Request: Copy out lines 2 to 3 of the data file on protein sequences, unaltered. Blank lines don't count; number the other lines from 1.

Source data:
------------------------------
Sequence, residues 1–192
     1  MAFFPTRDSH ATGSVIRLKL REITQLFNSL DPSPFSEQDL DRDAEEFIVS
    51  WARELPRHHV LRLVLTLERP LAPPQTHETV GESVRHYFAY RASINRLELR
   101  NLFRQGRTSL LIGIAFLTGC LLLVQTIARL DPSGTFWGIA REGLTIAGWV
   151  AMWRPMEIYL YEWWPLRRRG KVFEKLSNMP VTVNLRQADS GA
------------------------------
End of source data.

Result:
     1  MAFFPTRDSH ATGSVIRLKL REITQLFNSL DPSPFSEQDL DRDAEEFIVS
    51  WARELPRHHV LRLVLTLERP LAPPQTHETV GESVRHYFAY RASINRLELR